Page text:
Okay, I admit it. I am a fair weather San Francisco Giants fan. I tuned in to the team in the last weeks of the series as they began their championship playoffs. I found myself playing catch up, learning the names and stories of the players. All of a sudden I really cared. As the Giants came closer and closer to winning the World Series, a goal that eluded them for 56 years, I put on my Tangle Doctor hat. How did the team's management orchestrate this turnaround? What can business leaders learn from a team that seemed so unlikely to win a championship trophy?
Three Lessons Executive Leaders Can Learn from the S. F. Giants
Cough it UpTM How to Rid Yourself of Corporate Hairballs
Active Listening Tips for Avoiding Strangling TanglesTM
A Strangling TangleTM paralyzes organizations and can lead to plummeting profits, lost revenue, and precipitous falls in market share. There are a number of causes for Strangling Tangles. Based on my experience and research, organizations with corporate cultures that discourage speaking up and sharing bad news are particularly vulnerable. Leaders play a huge role in building, maintaining, and changing corporate culture. One way leaders can change the culture is by learning and demonstrating active listening skills.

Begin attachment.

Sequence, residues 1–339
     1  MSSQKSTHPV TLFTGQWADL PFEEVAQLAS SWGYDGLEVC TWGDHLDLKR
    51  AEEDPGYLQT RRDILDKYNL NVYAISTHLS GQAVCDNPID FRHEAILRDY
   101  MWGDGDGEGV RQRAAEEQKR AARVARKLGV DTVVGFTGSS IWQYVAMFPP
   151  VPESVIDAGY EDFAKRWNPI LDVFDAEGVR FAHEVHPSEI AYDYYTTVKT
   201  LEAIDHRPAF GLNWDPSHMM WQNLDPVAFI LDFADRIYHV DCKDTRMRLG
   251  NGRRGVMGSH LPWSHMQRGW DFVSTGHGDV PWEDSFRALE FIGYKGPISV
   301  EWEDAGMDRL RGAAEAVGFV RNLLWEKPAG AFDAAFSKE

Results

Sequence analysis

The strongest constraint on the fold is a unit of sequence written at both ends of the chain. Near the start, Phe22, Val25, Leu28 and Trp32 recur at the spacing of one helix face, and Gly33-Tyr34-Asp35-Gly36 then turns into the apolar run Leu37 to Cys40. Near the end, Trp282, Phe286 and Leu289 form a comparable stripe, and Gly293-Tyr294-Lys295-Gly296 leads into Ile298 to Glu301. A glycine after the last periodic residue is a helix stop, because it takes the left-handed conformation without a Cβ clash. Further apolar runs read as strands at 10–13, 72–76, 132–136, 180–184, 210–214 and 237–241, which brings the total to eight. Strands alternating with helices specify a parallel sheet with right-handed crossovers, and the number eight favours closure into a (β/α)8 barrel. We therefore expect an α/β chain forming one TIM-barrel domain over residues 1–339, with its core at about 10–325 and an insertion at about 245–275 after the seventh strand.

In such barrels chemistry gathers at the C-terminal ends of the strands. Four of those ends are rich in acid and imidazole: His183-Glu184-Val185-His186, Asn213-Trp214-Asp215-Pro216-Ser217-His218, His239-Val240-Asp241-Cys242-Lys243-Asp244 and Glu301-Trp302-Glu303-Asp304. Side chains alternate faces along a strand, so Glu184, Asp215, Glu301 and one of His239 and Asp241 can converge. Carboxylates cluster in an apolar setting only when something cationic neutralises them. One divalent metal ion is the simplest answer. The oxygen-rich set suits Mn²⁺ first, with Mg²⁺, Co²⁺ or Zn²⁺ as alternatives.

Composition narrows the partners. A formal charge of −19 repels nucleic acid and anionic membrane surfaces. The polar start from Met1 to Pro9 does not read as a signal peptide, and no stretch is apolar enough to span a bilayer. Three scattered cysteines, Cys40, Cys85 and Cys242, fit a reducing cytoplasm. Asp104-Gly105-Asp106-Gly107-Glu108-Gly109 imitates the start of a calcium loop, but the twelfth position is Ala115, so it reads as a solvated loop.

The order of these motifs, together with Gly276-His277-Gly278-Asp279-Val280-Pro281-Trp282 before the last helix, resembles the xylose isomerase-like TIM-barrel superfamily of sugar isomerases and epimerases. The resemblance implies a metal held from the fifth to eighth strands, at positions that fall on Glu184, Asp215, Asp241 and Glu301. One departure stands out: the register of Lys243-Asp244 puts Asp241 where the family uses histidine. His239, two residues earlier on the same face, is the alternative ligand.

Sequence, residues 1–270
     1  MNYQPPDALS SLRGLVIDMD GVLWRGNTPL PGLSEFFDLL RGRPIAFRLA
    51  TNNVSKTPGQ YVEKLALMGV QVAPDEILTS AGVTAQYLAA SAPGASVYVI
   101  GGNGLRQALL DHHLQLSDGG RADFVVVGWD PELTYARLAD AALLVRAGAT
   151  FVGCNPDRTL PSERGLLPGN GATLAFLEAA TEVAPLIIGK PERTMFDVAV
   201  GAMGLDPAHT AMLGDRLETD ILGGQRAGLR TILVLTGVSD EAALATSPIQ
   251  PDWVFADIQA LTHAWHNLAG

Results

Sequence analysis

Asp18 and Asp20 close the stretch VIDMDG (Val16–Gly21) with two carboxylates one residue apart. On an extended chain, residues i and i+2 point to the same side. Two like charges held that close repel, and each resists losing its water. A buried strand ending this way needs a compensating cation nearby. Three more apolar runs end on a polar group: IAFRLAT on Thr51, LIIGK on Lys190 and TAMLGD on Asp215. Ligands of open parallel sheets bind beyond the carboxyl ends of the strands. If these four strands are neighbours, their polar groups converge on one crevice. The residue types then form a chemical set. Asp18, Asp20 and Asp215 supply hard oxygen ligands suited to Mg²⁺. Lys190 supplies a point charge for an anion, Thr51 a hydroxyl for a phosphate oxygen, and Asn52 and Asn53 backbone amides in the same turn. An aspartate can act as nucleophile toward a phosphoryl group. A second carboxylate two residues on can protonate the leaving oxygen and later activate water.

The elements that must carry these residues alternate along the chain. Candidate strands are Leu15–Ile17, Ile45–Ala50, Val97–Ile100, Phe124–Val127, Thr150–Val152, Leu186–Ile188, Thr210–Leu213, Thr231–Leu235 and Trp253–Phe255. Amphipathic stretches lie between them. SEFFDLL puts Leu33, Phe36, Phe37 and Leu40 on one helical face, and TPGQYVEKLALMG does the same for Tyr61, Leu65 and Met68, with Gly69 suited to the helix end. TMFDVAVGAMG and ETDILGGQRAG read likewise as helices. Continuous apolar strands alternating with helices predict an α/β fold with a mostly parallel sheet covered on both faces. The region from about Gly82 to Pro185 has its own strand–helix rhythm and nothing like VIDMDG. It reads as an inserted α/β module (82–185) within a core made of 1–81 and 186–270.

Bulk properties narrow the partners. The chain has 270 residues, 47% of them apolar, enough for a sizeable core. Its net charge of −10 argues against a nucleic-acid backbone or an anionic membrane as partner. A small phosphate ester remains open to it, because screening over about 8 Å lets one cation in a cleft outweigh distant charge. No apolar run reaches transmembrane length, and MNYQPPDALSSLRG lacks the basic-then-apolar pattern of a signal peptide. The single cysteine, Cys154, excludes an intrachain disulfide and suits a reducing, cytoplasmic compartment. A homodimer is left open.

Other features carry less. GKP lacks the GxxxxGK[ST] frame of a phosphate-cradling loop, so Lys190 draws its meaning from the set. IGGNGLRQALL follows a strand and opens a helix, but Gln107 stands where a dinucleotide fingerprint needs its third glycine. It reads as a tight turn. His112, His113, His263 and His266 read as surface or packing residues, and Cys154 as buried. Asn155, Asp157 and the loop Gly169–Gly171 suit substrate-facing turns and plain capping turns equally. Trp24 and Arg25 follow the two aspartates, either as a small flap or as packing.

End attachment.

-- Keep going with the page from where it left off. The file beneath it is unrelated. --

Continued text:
Why Putting People Issues on Back Burner Is a Bad Move
Three Tips for Heeding Warning Signs Before They Strangle Your Business
Merrill Lynch's Culture of Fear Led to Strangling Tangle
According to Morgenson, E. Stanley O'Neal, Merrill's CEO, is described as an autocratic leader. Two of his lieutenants discouraged open communication between the risk management arm and the sales arm. One of the lieutenants was Osman Semerci. Semerci she wrote, "often played the role of tough guy . . . silencing critics who warned about the risks the firm was taking." He also "would chastise traders and other moneymakers who told risk management officials exactly what they were doing." We can only infer that important lines of communication and necessary discussions to determine true risk were cut off. Most likely, not talking about the obvious, unexpected, or anything out of the ordinary became the norm. Some employees described Semerci as intimidating. Like the frog who gets comfortable as the temperature of the lukewarm water rises, Merrill employees no doubt became used to the culture of fear and didn't speak up.